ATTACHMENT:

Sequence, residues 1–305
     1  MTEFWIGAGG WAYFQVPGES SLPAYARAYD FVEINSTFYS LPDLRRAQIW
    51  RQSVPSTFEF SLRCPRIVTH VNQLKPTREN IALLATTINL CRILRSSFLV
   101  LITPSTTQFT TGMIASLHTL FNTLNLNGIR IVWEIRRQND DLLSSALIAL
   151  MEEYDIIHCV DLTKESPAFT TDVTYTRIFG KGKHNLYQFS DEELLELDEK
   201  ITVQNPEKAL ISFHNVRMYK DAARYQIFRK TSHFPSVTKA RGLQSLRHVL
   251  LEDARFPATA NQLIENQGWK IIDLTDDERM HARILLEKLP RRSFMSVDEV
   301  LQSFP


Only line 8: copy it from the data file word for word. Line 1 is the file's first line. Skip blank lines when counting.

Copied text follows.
   301  LQSFP